Calif. responders conduct hazmat drill
By Donna Tam
EUREKA, Calif. — City Ambulance paramedic Ron Alleson probably hadn’t expected his first day on the job to involve him convulsing on the ground of a former Pacific Lumber Company mill in Scotia.
But, as a part of a countywide emergency responders drill for handling hazardous materials, Alleson had to play the part of a paramedic who had been exposed to toxic pesticides that affected his nervous system, causing him to convulse. In the scenario he was one of two paramedics who responded to a car accident on U.S. Highway 101 that resulted in a punctured tank filled with pesticide.
Although the pesticide was actually water in this case, and the accident was staged outside of the former mill, the drill, executed on Saturday, allows the county’s first responders to evaluate its area plan for weaknesses and ensure that local paramedics, firefighters and the Eureka Fire Department Hazardous Material Response Team get to practice response procedure, according to Environmental Health Division Public Information Officer Melissa Martel. Real-life scenarios of similar magnitude occur about one to three times a year, she said.
Saturday afternoon’s drill included the decontamination and transportation of the “exposed” patients and the plugging of the leak in the “tank.”
Both Fortuna and Rio Dell volunteer firefighters as well as Eureka Fire and Cal Fire were also on hand for the drill.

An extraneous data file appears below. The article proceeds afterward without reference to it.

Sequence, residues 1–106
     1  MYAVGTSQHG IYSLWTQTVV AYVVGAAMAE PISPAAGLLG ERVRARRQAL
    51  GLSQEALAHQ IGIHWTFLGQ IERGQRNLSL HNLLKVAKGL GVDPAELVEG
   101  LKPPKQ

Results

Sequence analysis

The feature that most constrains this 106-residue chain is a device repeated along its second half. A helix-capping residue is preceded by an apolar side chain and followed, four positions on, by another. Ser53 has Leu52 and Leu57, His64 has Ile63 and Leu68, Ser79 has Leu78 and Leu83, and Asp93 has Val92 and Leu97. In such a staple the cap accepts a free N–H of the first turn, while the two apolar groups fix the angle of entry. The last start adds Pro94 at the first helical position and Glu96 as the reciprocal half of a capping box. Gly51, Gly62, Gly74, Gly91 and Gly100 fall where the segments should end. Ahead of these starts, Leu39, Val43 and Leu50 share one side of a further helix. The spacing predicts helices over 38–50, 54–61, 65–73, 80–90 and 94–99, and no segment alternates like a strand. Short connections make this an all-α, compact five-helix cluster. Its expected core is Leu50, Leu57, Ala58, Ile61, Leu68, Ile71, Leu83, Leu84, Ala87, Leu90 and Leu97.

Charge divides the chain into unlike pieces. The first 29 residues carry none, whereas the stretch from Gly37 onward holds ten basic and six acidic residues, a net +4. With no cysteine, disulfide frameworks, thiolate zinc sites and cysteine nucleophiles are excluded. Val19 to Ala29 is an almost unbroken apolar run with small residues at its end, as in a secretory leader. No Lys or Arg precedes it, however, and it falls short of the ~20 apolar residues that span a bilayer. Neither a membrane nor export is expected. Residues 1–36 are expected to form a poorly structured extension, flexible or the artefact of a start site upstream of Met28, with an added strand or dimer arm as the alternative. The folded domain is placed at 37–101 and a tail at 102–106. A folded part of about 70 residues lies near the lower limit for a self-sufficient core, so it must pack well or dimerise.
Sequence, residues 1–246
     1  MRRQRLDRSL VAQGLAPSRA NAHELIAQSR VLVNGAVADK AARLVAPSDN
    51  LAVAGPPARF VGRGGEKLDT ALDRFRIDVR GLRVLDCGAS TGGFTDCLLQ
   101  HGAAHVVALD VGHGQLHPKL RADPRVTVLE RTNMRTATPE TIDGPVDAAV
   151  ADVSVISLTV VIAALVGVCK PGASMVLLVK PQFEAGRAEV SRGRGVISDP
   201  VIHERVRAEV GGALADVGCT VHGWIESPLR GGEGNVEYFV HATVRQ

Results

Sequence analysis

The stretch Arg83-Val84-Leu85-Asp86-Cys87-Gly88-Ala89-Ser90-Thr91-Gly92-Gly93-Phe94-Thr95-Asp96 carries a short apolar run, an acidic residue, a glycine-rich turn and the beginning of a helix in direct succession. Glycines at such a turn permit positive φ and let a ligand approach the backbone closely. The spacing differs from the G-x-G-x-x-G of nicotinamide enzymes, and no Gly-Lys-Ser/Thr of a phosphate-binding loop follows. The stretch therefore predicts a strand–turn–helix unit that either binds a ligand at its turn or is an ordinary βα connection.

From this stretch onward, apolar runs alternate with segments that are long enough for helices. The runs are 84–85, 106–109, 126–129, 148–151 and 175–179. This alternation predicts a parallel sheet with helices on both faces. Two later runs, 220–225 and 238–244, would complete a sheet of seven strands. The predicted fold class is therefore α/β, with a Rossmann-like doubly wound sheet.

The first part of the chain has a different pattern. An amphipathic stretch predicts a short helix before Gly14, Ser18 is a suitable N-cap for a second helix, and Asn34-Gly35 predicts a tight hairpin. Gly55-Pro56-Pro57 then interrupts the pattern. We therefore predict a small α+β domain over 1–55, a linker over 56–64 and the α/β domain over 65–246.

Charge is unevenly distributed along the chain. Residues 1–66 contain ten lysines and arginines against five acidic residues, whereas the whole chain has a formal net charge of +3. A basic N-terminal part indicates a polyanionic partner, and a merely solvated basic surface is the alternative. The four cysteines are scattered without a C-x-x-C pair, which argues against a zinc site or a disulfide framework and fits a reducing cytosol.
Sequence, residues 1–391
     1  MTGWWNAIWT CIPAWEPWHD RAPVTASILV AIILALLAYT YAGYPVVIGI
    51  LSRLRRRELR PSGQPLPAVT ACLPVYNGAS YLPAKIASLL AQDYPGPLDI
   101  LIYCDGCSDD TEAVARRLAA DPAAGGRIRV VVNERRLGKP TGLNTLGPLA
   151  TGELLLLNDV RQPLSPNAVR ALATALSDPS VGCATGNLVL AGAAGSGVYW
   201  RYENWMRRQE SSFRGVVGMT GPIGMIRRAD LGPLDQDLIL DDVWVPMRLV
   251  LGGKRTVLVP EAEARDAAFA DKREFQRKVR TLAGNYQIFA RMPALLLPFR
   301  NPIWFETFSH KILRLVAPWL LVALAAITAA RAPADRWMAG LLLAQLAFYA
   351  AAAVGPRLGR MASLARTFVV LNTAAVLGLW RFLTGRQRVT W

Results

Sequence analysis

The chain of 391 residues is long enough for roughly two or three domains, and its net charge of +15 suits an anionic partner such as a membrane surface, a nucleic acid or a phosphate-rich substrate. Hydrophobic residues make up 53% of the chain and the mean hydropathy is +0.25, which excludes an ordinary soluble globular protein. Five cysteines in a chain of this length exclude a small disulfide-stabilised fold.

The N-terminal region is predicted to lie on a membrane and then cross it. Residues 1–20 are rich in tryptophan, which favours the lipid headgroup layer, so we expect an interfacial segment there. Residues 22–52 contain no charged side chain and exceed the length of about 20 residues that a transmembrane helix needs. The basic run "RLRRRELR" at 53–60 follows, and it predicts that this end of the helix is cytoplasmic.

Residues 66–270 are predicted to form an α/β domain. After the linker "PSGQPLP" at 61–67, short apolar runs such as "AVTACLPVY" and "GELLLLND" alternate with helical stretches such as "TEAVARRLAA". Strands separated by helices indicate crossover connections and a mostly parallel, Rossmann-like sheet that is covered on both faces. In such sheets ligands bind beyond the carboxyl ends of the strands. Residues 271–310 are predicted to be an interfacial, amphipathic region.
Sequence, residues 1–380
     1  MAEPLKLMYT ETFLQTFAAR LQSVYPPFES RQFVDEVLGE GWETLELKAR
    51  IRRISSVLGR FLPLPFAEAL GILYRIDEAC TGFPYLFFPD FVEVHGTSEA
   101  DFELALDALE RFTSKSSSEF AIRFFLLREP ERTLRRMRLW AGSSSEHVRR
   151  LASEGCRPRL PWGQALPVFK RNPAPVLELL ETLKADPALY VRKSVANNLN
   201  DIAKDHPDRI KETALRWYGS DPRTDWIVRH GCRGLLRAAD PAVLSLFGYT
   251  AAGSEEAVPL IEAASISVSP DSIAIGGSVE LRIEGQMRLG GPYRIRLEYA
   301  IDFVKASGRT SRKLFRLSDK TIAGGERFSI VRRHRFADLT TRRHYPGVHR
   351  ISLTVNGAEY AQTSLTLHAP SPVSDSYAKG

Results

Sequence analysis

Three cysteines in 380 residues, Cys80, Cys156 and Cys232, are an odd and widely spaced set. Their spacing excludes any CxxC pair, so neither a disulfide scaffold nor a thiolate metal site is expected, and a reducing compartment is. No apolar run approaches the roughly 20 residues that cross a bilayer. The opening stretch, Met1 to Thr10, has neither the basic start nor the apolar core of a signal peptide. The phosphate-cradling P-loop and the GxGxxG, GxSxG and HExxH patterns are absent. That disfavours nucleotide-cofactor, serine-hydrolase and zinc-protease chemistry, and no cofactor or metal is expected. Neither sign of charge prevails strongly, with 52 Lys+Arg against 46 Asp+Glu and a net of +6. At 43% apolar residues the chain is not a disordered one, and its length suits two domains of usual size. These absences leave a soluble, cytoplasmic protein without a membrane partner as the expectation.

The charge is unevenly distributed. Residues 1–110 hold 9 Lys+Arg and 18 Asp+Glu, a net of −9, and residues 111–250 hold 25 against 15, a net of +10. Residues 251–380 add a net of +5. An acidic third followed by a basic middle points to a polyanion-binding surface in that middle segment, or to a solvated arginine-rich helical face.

First responders run the drill every three years when the plan is updated, Martel said. This year’s plan included the responding paramedics getting exposed as a reminder that safety personnel have to remember their own safety, as well.
“We always believe safety is No. 1. If we don’t protect ourselves, then we’re making the situation worse,” Martel said.
The drill allows team members to identify weaknesses, such as the communication system, said Russ Brown, assistant fire chief for Fortuna Fire Department and the program director of the Northern California Safety Consortium, which the county contracted to design and implement the drill.
In this case, Brown said, the “contaminated” ambulance was the only vehicle with a direct communication line with the hospital, so responders had to wait for another ambulance to make its way to Scotia to pick up the “exposed” patients on the scene. Brown said one way to avoid this in the future may be to include a radio with the same frequency in fire trucks.
After the patients were taken care of and transported, the different agencies gathered for a briefing by the hazardous materials team, which includes a technical reference specialist who identifies what the hazardous substance is and helps to formulate how to approach containment. Martel said the team, which was also lost due to state budget cuts this year, is the only one in the county. Without them, it would be a six- to seven-hour wait for the next closest crews in Red Bluff or the Bay Area, she said.
Jaisun Chad, director of operations for City Ambulance, said the drill allows all the agencies to come together and work as a team.
“Every time we do a different type of exercise with different agencies involved, we find out what our communication problems are and where our coordinating efforts can improve,” he said.
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